Cheng Saron added that some military officials could have been involved in the suspected illegal recruitment.

Chou Sam Orn, deputy provincial police chief, claimed that Thun Saren was promised US$100 for each villager he recruited but did not identify who had offered him the money. He added that the villagers had been sent home. “They are poor and jobless, so when they were promised jobs, they agreed,” he said.

Hundreds face Siem Reap eviction

via CAAI

Wednesday, 11 May 2011 15:02Thik Kaliyann

Siem Reap Province

HUNDREDS of villagers living in Siem Reap’s Prey Choam forest, who were sold the land by a military brigadier in 2005, have been told they will be evicted in July to make way for a reforestation project.

Chheng Kim Son, general director of the provincial Forestry Administration, said the villagers were sold the land by Brigadier Peuy Pel, who was arrested in January this year over suspicion of his involvement in the anti-government group Cambodian Freedom Fighters.

“The villagers who are living on the land have become a problem,” Kim Son said. “Recently hundreds of families from various provinces have moved here after buying land illegally from Peuy Pel. They will be faced with relocation in the near future.”

He alleged that in order to sell the 1,000 hectare area of land in Banteay Srei’s Knar Rongveas village, Peuy Pel had set fire to the forest – requiring a costly reforestation programme.

“[Reforestation] may cost up to US$50,000 per hectare. If we let illegal wood harvesting get out of control it will affect the natural beauty of Cambodia and lead to a loss of tourist income,” he said.

The reclaimed land, which he said had been awarded back to the Forestry Administration from Puey Pel in 2006, would be used to plant 10,000 acacia and ebony trees.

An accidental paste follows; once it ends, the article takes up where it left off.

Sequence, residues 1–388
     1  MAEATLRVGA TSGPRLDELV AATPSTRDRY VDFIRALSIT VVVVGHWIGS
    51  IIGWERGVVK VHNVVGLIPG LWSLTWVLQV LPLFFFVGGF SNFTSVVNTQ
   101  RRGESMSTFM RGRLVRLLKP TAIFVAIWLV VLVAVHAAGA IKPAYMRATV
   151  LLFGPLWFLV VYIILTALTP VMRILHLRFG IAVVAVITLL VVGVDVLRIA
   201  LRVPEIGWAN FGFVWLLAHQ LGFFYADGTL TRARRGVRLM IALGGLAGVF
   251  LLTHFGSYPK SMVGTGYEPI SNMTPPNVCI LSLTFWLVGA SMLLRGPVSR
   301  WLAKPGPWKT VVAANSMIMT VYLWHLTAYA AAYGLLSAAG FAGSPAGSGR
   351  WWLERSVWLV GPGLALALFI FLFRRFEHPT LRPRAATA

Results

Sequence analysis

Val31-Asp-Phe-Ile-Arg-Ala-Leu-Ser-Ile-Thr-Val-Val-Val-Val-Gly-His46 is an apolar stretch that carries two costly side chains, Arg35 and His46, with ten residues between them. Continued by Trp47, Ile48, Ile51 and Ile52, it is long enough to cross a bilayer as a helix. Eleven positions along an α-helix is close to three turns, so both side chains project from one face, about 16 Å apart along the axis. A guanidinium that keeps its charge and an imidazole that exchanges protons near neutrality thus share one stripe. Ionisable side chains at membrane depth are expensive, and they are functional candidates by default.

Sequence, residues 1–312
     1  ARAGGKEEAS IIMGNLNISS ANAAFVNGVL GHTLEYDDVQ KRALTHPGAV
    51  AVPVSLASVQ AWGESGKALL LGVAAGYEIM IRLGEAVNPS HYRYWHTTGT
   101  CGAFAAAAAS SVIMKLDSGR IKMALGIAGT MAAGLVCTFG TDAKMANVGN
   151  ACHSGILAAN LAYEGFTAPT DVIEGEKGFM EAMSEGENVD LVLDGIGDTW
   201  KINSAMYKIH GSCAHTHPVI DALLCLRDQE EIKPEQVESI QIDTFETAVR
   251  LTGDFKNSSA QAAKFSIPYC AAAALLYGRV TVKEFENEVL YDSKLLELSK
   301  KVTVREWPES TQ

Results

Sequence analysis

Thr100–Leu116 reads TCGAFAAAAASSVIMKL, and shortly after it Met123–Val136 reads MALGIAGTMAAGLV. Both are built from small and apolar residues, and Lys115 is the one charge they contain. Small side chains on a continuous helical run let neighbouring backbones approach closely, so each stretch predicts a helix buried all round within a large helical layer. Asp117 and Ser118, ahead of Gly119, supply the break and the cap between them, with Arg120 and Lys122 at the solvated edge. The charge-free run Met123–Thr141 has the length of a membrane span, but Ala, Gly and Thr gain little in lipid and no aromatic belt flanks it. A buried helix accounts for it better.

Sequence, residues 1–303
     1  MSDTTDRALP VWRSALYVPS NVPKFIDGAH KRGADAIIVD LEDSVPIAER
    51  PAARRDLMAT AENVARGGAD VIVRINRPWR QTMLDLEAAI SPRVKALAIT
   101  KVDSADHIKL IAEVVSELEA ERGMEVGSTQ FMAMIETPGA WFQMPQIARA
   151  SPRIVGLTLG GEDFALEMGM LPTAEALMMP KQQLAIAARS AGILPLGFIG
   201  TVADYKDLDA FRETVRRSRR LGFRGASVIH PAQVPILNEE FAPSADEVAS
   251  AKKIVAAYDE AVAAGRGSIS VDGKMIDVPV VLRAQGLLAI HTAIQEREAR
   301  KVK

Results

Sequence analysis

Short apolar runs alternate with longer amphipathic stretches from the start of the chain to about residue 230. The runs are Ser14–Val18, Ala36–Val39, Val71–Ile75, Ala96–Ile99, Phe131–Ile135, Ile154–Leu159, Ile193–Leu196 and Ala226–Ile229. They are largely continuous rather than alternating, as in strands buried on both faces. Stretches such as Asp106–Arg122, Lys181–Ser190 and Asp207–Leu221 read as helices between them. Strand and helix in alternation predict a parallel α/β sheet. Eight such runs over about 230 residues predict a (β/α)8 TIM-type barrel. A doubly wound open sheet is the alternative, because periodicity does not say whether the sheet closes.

Banteay Srei District Chief Meung Vuthy said yesterday that no provisions had been made to help the villagers relocate.

Prior to his arrest in January, Peuy Pel had appeared in court several times on charges ranging from illegal logging to land-grabbing in areas around Prey Choam.

Debate on sub-national finance law begins

via CAAI

Wednesday, 11 May 2011 15:02Thet Sambath

NATIONAL assembly members debated a draft law on financial structuring and the management of state’s assets at a sub-national level yesterday. The draft law aims to give more power to provincial, town and district authorities to manage their own finances and state property. “Even though they would be given power, they have to get permission and approval from the national level”, Cambodian People’s Party lawmaker Cheam Yeap said. Sam Rainsy Party lawmaker and party spokesman Yim Sovann said that although the law would give more power at a commune level, it was only on paper. “It is not perfect at all but it will go [through] step by step”, Cheam Yeap added. The draft law has eight chapters comprising of 56 articles and was drawn up by Ministry of Economy and Finance and the Ministry of Interior. The debate will continue today.

Laos agrees to suspend work on hydro-dam

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Wednesday, 11 May 2011 15:01Mary Kozlovski

THE Laos government has temporarily suspended work on a proposed US$3.8 billion hydropower dam on the lower Mekong, Vietnamese state media reported yesterday.

According to Vietnam News Agency, Laos Prime Minister Thongsing Thammavong informed Vietnamese Prime Minister Nguyen Tan Dung that Laos would halt work on the 1,260MW Xayaburi dam project, during a meeting on Saturday on the side of the 18th ASEAN summit in Jakarta, Indonesia.

The Bangkok Post published pictures last month that showed infrastructure work was being carried out by the Thai company backing the dam, CH Karnchang Public Company Limited.

On Sunday, it reported that Viraphonh Viravong, director general of the department of electricity at Laos’ Ministry of Energy and Mines, defended the construction, saying that it was “fairly common practise”.

Surasak Glahan, communications officer at the Mekong River Commission, a regional intergovernmental body created to manage the Mekong River, said yesterday that Vietnamese authorities had confirmed the new report.

“But there has not been confirmation from the Laos authorities,” he added.

MRC has also not received clarification from Laos over reports of construction near the dam site.

Pianporn Deetes, Mekong campaigner for conservation organisation International Rivers, yesterday welcomed the news but said that confirmation was needed from Laos and Thai authorities.

“It is also very important that [Laos] removes equipment from the site to confirm that there is no construction going on,” she said.